Healthy people who are not considered to be "at risk" of contracting the flu virus should be banned from having private vaccinations, the chairman of the Royal College of GPs has said.
Dr Clare Gerada said healthy individuals buying the flu jab from pharmacies have contributed to shortages in the NHS and left those at greatest risk vulnerable to infection.
Some GPs in England have reported running out of stocks of the vaccine, as thousands try to protect themselves against the winter outbreak that has killed 50 and left hundreds requiring critical care.
Dr Gerada said: "People who are not in the at-risk groups are getting (private) vaccinations, leaving less supply for us. If that's going to happen again then the Government needs to stop it and think because that will affect the delicate balance that we have."
Dr Gerada called for a study into how many healthy people had privately purchased the jab to gauge whether there should be a law banning the practice. Many pharmacies have offered the jab for about £15, according to reports.
GPs in England and Wales have faced criticism for not ordering enough of the flu vaccine to protect those considered at-risk, such as people aged 65 and over and pregnant women.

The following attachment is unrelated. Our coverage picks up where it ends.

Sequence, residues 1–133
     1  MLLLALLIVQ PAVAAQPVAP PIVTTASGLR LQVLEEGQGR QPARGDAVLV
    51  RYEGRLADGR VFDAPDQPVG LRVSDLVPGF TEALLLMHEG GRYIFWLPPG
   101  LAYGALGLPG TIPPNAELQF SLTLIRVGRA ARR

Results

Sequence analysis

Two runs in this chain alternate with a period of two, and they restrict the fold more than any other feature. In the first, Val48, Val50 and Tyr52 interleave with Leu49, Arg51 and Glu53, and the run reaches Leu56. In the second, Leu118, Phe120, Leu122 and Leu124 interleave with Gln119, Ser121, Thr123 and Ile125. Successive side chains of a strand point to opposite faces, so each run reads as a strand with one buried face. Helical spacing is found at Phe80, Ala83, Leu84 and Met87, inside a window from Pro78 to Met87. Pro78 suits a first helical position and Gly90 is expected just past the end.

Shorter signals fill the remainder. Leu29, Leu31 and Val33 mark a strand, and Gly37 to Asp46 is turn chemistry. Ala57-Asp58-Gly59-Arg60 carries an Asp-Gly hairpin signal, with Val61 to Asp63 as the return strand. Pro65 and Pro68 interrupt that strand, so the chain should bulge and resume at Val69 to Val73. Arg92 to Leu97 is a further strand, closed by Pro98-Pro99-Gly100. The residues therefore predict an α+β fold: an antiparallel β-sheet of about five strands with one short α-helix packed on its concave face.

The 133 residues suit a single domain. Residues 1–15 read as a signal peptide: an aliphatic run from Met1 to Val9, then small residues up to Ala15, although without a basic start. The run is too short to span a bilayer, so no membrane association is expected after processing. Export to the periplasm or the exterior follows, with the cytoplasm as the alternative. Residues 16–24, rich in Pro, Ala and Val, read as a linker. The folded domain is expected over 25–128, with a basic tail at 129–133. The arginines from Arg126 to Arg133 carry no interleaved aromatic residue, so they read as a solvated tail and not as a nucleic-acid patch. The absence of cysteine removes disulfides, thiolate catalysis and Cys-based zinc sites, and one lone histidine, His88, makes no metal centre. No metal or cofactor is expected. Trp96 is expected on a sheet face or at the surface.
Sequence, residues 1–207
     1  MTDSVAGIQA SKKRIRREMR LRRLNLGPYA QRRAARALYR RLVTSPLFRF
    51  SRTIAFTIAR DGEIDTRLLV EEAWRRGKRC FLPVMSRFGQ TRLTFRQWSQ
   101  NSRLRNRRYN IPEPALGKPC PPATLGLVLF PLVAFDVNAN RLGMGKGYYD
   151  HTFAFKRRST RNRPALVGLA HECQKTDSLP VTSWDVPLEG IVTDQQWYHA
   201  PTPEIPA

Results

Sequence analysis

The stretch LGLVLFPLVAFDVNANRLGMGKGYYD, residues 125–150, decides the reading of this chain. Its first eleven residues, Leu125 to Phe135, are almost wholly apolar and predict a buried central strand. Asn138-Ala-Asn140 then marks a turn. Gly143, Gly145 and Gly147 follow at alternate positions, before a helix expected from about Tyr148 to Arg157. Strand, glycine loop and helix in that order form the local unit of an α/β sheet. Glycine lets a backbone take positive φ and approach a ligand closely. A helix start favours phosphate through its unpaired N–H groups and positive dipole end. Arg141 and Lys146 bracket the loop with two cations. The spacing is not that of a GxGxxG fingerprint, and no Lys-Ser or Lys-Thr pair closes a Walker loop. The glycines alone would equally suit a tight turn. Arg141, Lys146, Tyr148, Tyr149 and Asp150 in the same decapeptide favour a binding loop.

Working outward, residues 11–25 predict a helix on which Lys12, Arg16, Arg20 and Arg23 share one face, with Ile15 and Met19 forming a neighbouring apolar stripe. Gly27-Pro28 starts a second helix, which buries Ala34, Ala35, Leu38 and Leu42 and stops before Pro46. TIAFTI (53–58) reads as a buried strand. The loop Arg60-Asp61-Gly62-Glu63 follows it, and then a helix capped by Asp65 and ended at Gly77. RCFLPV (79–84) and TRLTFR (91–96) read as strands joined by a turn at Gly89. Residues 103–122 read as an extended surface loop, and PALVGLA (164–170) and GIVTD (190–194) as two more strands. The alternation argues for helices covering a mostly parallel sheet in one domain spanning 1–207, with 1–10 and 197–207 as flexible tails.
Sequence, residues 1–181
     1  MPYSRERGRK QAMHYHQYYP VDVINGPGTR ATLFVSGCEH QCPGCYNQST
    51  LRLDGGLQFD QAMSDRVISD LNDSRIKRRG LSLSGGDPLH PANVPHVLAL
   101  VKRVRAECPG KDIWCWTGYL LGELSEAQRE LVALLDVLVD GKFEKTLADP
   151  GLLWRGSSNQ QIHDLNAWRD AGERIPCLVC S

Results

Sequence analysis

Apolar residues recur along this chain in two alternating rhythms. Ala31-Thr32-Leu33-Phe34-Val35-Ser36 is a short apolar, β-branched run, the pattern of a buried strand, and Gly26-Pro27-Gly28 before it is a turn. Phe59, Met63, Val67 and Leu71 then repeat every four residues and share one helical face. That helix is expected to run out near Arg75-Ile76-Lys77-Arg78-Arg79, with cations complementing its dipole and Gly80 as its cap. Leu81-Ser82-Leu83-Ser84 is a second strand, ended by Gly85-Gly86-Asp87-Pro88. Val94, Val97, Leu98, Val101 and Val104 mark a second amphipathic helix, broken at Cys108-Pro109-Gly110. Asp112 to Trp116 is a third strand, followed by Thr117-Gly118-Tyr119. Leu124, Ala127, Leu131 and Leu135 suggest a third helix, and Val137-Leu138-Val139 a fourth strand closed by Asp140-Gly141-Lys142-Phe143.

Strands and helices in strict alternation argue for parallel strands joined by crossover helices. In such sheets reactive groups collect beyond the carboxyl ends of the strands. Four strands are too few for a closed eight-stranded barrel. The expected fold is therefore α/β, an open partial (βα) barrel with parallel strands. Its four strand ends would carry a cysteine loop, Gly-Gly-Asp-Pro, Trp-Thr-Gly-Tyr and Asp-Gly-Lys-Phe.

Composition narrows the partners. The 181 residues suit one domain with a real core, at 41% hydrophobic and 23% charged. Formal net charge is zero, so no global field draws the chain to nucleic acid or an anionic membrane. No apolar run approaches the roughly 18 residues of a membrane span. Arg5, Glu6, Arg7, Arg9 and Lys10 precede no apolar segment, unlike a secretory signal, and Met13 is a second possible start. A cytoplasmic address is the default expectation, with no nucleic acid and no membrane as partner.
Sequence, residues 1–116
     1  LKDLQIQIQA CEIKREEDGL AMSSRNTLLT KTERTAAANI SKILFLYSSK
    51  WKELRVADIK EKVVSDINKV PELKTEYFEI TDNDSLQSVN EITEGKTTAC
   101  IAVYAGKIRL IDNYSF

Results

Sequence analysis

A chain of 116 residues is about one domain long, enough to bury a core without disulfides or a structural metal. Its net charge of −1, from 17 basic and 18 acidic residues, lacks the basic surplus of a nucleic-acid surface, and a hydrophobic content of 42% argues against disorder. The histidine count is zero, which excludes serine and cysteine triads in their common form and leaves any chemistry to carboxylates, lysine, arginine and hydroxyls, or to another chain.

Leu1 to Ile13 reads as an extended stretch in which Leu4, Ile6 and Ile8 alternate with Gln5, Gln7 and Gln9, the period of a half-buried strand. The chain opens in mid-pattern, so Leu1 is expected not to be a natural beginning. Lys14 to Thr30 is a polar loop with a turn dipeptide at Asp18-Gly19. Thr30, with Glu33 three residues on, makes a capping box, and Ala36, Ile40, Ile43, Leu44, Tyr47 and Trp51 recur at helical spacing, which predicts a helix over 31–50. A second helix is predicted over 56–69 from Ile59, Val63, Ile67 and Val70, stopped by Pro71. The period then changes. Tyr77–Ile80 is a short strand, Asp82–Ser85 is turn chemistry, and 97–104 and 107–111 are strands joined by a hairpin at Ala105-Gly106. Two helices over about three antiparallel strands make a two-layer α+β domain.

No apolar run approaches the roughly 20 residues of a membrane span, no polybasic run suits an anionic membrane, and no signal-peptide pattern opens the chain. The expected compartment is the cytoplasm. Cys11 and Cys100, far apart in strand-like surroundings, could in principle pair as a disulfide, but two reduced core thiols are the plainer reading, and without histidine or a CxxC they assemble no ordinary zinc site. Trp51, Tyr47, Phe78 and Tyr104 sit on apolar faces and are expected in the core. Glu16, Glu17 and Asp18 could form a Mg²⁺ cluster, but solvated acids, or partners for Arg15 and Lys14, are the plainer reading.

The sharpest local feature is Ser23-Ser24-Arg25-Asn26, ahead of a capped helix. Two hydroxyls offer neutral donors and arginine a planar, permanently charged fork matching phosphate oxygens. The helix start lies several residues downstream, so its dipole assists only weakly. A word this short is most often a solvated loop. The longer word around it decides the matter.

A spokesman for the Department of Health said: "Community pharmacies are working with GPs to ensure that at-risk groups are vaccinated, as far as is possible, with limited remaining stock. Pharmacies are private businesses and we are not able to prevent them from selling the vaccine commercially."
On Monday Health Secretary Andrew Lansley was accused of being poorly-prepared for the current flu outbreak.
Labour said the Health Secretary made a "serious misjudgment" by axing the autumn advertising campaign to encourage vaccination take-up. However, Mr Lansley said the NHS was "well-prepared" for the outbreak.
The number of deaths this winter from flu was currently 50, with 45 being associated with the H1N1 infection.